Edit this Page

Bootloaders

The Bootloader classes responsible for pre-initialization of your application, use them to configure proper container bindings and environment initialization (i.e. http routes).

Make sure you read about Container and DI.

Booting bindings

Ordinary, the application will require a lots of interfaces and aliases to be binded to their implementations, you can define bindings in your code using following constructions:

$this->container->bind(SomeInterface::class, SomeClass::class);

//or if concrete object needed
$this->container->bind(SomeInterface::class, function(...) {
    return new SomeClass(...);
});

Example of binding usage:

public function indexAction(SomeInterface $some)
{
    dump($some);
    assert($some instanceof SomeClass);
}

Bootloaders make such definitions easier, faster and provide a way to merge multiple bindings into one group:

class SomeBootloader extends Bootloader
{
    const BINDINGS = [
        SomeInterface::class => SomeClass::class
    ];

    const SINGLETONS = [
        OtherInterface::class => [self::class, 'createOther']
    ];

    protected function createOther(SomeInterface $class, ...)
    {
        return new OtherClass($class);
    }
}

Note that you can make your factory methods private and protected, container will bypass this restriction.

The only thing we have to do now is to add such bootloader class into our application, modify constant LOAD in your App class.

const LOAD = [
    //...
    Bootloaders\SomeBootloader::class
];

You can enable bootloaders cache in your .env file to speed up application initialization a bit.

Booting code

To load or execute custom code at moment of application initialization, set constant BOOT to true and define method boot:

class AppBootloader extends Bootloader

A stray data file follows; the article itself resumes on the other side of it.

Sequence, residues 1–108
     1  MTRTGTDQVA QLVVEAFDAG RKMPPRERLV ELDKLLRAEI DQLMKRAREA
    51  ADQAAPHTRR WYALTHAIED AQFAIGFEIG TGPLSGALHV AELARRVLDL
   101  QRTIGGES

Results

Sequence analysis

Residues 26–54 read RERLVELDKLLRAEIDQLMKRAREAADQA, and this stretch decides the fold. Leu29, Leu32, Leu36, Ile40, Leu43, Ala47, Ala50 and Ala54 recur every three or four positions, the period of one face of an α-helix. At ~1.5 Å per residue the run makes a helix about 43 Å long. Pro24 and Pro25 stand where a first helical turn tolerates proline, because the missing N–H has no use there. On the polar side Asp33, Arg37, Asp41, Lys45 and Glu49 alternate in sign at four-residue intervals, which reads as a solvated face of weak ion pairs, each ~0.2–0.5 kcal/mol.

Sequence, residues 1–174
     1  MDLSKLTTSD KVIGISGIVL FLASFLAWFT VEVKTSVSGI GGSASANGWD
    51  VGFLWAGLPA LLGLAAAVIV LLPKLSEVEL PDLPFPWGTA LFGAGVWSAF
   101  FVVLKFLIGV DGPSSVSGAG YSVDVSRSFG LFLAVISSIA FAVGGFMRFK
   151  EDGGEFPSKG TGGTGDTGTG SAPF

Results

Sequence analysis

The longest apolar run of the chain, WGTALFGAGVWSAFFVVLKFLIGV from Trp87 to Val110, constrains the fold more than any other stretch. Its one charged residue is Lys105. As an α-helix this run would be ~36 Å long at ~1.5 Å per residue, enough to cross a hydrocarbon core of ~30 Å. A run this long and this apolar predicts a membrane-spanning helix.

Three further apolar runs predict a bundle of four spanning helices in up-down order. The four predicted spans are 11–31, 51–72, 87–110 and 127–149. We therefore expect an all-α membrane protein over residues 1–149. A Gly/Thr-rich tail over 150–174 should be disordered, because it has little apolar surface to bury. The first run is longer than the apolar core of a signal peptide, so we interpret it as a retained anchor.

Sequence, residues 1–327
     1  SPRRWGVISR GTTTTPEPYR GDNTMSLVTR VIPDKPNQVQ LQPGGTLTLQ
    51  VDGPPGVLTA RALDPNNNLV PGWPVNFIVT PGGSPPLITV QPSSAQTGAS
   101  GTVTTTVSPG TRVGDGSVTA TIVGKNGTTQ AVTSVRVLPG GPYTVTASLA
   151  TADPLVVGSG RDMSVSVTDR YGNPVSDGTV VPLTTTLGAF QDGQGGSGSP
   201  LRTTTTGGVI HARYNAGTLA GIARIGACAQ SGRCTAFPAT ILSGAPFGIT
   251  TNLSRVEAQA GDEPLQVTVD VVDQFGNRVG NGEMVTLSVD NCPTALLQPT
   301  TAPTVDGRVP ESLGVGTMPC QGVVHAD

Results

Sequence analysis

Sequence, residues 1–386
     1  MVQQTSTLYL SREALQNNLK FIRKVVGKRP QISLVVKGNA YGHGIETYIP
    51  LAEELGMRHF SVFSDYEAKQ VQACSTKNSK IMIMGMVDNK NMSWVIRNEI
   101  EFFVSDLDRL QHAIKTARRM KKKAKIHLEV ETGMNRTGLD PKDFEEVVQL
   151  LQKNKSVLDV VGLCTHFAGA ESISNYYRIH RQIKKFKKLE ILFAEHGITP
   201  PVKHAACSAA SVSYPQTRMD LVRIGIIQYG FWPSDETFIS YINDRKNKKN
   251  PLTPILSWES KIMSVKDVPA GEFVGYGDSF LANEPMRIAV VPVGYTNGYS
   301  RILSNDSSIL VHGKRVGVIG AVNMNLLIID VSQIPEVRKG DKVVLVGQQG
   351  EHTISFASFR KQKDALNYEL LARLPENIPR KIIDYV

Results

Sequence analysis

{
    const BOOT = true;

    const BINDIGNS = [
        SomeInterface::class => SomeClass::class
    ];

    const SINGLETONS = [
        OtherInterface::class => [self::class, 'createOther']
    ];

    //Automatically resolved by container
    public function createOther(SomeInterface $class, ...)
    {
        return new OtherClass($class);
    }

    /**
     * @param HttpDispatcher $http
     */
    public function boot(HttpDispatcher $http)
    {
        $http->addRoute(new Route(
            'route', 'route/<section:[a-z\-]*>',
            'Vendor\Controllers\SomeController::action'
        ));
    }
}

Cache is ignored for such bootloaders.

Bootloading outside of core

If you want to load your bootloader based on some condition use getBootloader() method of your core application:

public function indexAction()
{
    $this->app->bootloader()->bootload([
        \Vendor\Module\VendorBootloader::class
    ]);
}

Short bindings and Shortcuts

Bootloaders can also be used to define shortcuts to your services:

class MyBootloader extends Bootloader
{
    /**
     * @return array
     */
    const BINDINGINS = [
        'someTable' => [self::class, 'someTable']
    ];

    /**
     * @param DatabaseManager $databases
     */
    public function someTable(DatabaseManager $databases): Table
    {
        return $databases->database('default')->table('some');
    }
}

Now you can use such table shortcut in your controllers or service:

public function indexAction()
{
    dump($this->someTable);
}

You can treat shortcuts/[factory methods] as inline functions in C but in a context of active container scope.